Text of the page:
Sakura Castle

Revision as of 15:48, 20 August 2023 by Eric (talk | contribs)
(diff) ← Older revision | Latest revision (diff) | Newer revision → (diff)



Doi Toshikatsu started building this castle under the orders of Tokugawa Ieyasu in 1610. It took 7 years to complete. Doi built upon the unfinished work of the Chiba who had started building a castle called Kashima Castle on this site in the Sengoku Period. Throughout the Edo Period, Sakura Castle saw several powerful lords loyal to the Tokugawa rule from here. It was considered a strategically important location to protect the Eastern flank of Edo.

The castle was a large expansive castle which was famous for the fact that it had absolutely no stone walls. Only deep dry moats or earthen embankments to mark off the baileys and provide protection. The tenshu (main keep) was actually a yagura moved there from Edo Castle.

Visit Notes

Stop by the tourist information center just outside the Keisei Dentetsu station across the street. They have the best pamphlet of history, maps and photos I've ever seen for a site that is just ruins like this. The bukeyashiki (samurai houses) near the JR Station are very well preserved and definitely worth visiting if you have time. The grounds of the castle also contain a large museum of national history. You can also visit the ruins of Moto Sakura Castle nearby.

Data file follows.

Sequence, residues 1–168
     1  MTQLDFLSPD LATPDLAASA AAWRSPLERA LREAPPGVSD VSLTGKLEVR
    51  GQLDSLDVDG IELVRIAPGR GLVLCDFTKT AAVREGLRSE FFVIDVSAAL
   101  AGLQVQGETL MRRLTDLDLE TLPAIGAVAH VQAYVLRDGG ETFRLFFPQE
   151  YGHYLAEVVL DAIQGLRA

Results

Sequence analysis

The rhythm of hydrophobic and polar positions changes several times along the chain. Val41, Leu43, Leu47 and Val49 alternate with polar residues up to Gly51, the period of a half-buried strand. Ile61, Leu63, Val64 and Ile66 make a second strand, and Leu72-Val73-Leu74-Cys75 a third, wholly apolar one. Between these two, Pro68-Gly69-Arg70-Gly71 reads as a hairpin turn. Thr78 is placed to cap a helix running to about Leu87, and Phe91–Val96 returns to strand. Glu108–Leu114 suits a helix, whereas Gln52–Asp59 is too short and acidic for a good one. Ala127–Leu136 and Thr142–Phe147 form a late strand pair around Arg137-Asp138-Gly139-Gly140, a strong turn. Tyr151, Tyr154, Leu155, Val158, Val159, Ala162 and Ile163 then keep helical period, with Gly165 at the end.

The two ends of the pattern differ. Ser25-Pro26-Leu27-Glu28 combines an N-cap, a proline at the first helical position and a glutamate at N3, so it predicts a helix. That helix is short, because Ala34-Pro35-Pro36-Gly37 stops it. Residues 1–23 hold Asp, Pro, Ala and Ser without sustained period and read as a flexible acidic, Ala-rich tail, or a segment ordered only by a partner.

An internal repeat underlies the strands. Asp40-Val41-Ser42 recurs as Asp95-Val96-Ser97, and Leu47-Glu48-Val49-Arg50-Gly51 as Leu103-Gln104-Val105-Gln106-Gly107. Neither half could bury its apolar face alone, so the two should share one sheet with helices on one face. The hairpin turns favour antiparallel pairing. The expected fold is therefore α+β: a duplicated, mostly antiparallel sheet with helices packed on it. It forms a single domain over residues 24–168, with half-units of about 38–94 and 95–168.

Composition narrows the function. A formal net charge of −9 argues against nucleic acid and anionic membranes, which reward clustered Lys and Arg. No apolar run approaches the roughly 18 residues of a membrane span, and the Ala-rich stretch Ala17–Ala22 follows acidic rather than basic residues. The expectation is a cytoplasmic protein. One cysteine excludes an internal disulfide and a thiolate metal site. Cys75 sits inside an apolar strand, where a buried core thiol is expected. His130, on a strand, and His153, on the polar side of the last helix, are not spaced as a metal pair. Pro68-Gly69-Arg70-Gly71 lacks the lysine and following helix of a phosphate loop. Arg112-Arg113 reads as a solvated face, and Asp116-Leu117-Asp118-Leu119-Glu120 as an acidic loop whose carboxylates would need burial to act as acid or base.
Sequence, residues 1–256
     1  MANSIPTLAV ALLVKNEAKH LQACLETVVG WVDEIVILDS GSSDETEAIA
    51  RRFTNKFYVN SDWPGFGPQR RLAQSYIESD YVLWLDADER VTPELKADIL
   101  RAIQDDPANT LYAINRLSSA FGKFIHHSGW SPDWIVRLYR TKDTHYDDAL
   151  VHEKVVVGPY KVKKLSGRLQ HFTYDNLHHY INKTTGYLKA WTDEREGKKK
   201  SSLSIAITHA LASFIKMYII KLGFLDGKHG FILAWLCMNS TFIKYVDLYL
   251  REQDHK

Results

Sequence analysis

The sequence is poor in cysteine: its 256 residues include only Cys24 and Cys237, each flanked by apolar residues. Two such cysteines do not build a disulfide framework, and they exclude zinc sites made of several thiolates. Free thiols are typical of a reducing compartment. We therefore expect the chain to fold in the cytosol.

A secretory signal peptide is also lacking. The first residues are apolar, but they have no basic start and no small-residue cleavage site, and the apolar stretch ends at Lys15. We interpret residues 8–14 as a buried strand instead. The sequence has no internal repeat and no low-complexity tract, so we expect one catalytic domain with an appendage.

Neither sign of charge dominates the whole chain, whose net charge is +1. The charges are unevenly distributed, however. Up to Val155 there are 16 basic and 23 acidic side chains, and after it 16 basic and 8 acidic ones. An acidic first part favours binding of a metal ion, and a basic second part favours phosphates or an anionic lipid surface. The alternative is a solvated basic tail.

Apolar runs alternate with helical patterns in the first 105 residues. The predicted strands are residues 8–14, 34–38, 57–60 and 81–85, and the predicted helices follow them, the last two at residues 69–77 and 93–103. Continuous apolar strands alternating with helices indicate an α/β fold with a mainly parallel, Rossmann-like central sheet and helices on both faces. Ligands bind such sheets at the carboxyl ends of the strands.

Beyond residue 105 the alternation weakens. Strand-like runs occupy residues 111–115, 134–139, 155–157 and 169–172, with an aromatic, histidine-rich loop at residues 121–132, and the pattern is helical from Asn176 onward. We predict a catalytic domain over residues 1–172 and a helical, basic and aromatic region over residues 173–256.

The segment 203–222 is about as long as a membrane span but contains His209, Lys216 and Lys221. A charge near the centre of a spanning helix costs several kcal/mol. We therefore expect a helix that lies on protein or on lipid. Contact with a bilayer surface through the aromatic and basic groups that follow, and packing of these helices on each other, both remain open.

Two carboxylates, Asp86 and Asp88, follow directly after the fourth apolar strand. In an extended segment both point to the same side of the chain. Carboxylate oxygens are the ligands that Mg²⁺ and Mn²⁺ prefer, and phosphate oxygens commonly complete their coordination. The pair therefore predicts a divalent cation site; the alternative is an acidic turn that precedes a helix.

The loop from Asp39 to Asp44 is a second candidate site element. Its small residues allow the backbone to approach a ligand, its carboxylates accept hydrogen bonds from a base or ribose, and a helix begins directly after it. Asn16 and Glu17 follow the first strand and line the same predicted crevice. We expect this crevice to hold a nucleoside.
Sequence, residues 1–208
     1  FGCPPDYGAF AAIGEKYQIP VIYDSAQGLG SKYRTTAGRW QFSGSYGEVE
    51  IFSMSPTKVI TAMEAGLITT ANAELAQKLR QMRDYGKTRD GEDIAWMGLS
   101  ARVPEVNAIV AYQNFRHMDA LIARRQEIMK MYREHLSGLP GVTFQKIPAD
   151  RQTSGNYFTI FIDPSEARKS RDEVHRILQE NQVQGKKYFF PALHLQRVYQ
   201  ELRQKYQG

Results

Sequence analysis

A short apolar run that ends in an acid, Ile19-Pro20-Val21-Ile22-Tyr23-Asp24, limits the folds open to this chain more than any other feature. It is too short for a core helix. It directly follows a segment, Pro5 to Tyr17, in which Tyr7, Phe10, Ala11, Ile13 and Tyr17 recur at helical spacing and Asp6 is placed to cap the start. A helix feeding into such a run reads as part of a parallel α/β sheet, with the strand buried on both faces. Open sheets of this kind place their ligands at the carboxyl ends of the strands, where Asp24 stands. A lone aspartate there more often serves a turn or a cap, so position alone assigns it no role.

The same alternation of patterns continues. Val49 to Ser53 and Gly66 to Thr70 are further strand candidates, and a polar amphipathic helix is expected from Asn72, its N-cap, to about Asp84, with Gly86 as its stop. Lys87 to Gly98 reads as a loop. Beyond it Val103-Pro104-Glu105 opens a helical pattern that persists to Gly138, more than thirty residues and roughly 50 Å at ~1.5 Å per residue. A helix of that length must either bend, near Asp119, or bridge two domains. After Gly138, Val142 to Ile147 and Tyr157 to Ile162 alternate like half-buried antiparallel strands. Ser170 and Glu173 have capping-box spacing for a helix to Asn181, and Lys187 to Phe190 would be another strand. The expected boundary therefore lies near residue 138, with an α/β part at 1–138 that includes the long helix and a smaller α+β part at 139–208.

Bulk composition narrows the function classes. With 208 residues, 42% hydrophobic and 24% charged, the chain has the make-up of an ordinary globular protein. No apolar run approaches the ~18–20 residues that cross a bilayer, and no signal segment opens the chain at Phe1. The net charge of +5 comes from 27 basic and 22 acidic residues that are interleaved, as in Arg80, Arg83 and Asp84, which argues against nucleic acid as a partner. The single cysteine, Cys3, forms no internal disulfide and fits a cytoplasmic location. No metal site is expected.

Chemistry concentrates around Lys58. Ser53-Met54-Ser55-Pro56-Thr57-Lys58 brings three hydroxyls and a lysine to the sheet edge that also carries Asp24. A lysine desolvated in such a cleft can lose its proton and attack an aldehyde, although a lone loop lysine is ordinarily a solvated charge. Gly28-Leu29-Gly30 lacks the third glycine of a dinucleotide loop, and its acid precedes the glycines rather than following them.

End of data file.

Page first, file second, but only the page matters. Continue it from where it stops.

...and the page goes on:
• dry moat, umadashi gate
  • moat
  • dry moat, umadashi gate
  • dry moat
  • remnants of the sumi yagura
  • remnants of the Ichinomon Gate.
  • earthern walls
  • main keep foundation
  • Honmaru bailey
  • moat
  • moat
  • Sakura Castle map
  • Home and vegetable garden
  • House and garden
  • Interior of the home and armor on display
  • Takei home

Castle Profile
English Name Sakura Castle
Japanese Name 佐倉城
Alternate Names Kashima-jo
Founder Doi Toshikatsu
Year Founded 1610
Castle Type Hilltop
Castle Condition Ruins only
Designations Top 100 Castles, Local Historic Site
Historical Period Edo Period
Features samurai homes, water moats, trenches, castle town
Visitor Information
Access Sakura Sta. (Keisei Dentetsu line), 15 min walk; Sakura Sta. (JR Sobu line), 20 min walk.
Visitor Information
Time Required
Website english/nature.htm
Location Sakura, Chiba Prefecture
Coordinates 35° 43' 20.32" N, 140° 12' 57.17" E
Loading map...
Added to Jcastle 2008
Contributor Eric
Admin Year Visited 2008
Admin Visits March 22, 2008
(11 votes)
Add your comment welcomes all comments. If you do not want to be anonymous, register or log in. It is free.



85 months ago
Score 0++
Furinkazan, thanks for the information and great story. I often tell people that visiting castles is certainly one fun objective, but all the nice people you meet along the way and visiting towns and locations you would never have a reason to visit otherwise are some of the best memories from visiting castles.


85 months ago
Score 0++